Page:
Words: Mothiur Rahman
Image Credits: Open Source
Reading Time: 30 second

On 17 and 18 November 2016, a very different type of legal conference took place at the Law School at Westminster University, under the auspices of the Westminster Law and Theory Lab.

‘Law and the Senses II’, convened by Professor Andreas Philippopoulos-Mihalopoulos and others, gathered trans-disciplinary contributions from lecturers, researchers and PhD students, aimed at investigating the capacity for law to “make sense” from its sensory and spatial qualities. In doing this, the philosophies of “Speculative Realism” and “New Materialism” were brought into the discourses of law in disruptive and creative ways. The “lawscape” of the Antartica was encountered by being blindfolded and subjected to a soundscape that brought the sense of dislocation alive. The sound of yeast making bubbles in a petri-dish enabled one to try to sense into its “sensing ecology”. These and other presentations attempted to dislocate law from an abstracted model based on concepts and hierarchy, to one which shaped the contours of its “lawscape” from the sensory nature of being human in an embodied but “post-human” world.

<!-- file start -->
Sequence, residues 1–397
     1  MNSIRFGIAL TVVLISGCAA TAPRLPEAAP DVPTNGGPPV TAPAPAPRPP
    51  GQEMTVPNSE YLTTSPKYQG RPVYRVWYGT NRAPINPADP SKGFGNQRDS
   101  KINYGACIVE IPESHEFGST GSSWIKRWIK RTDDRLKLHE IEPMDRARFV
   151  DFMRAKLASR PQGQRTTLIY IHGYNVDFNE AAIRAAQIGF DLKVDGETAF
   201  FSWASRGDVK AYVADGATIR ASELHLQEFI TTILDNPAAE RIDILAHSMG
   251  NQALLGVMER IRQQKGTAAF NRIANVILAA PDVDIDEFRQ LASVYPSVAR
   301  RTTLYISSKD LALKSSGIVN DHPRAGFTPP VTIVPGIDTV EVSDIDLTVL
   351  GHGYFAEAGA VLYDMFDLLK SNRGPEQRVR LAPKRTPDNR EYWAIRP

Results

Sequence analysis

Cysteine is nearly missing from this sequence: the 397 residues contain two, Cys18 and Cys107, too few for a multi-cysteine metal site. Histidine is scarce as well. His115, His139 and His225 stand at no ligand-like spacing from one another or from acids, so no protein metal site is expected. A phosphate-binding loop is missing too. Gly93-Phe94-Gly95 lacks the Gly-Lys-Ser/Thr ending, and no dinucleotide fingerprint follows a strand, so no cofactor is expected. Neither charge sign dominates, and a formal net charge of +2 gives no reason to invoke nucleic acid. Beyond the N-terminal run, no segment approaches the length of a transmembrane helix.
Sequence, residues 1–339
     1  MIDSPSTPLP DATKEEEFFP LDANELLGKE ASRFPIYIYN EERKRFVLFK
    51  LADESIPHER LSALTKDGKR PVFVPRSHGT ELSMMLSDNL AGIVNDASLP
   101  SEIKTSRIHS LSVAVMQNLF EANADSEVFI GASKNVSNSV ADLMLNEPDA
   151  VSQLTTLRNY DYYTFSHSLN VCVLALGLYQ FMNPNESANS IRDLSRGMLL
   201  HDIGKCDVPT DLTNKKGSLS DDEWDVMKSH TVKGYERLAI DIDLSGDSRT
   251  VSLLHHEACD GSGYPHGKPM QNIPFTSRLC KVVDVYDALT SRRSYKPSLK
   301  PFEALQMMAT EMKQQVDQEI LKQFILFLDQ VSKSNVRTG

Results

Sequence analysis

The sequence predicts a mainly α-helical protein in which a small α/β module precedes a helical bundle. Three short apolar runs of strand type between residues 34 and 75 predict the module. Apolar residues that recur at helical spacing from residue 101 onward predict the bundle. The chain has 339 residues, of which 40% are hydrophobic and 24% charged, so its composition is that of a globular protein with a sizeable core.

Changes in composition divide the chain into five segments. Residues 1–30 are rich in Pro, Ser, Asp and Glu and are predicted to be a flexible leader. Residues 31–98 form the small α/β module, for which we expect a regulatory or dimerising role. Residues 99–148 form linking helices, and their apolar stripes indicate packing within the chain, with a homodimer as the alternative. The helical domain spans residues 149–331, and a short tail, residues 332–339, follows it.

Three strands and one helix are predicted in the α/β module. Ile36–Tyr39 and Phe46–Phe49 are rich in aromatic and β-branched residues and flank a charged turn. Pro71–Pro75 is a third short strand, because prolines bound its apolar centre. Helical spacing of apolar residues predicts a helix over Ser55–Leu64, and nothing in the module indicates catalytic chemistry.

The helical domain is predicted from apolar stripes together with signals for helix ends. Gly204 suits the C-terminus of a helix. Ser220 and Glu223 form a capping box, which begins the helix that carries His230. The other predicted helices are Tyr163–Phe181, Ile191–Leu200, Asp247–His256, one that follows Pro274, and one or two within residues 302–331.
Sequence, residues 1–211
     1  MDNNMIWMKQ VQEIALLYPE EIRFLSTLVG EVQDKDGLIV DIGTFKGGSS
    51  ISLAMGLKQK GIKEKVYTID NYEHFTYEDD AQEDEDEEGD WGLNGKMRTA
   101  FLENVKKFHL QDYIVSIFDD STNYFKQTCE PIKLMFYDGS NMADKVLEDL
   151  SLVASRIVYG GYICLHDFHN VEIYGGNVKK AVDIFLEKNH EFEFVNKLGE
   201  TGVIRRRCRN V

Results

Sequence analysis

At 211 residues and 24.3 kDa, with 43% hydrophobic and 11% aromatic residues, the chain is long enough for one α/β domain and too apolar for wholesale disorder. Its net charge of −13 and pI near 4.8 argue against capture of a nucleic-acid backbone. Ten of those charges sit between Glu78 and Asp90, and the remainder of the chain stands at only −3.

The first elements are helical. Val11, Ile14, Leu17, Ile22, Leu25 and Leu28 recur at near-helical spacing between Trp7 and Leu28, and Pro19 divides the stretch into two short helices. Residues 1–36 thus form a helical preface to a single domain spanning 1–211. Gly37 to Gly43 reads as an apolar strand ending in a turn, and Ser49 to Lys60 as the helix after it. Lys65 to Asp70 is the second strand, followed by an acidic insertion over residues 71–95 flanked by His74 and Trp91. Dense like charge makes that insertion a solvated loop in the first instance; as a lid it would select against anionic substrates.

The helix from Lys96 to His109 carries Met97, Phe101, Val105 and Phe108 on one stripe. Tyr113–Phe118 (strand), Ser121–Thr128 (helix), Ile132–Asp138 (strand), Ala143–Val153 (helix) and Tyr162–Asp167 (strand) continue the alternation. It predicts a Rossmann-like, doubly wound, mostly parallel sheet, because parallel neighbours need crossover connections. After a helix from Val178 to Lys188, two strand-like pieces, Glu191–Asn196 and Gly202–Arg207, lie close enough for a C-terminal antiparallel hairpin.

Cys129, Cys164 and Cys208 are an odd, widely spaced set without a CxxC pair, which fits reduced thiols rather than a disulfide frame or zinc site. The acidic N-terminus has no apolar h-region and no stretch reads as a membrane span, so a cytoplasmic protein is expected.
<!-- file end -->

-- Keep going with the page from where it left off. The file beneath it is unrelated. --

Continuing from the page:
Read more in the Law and the Senses Conference programme.

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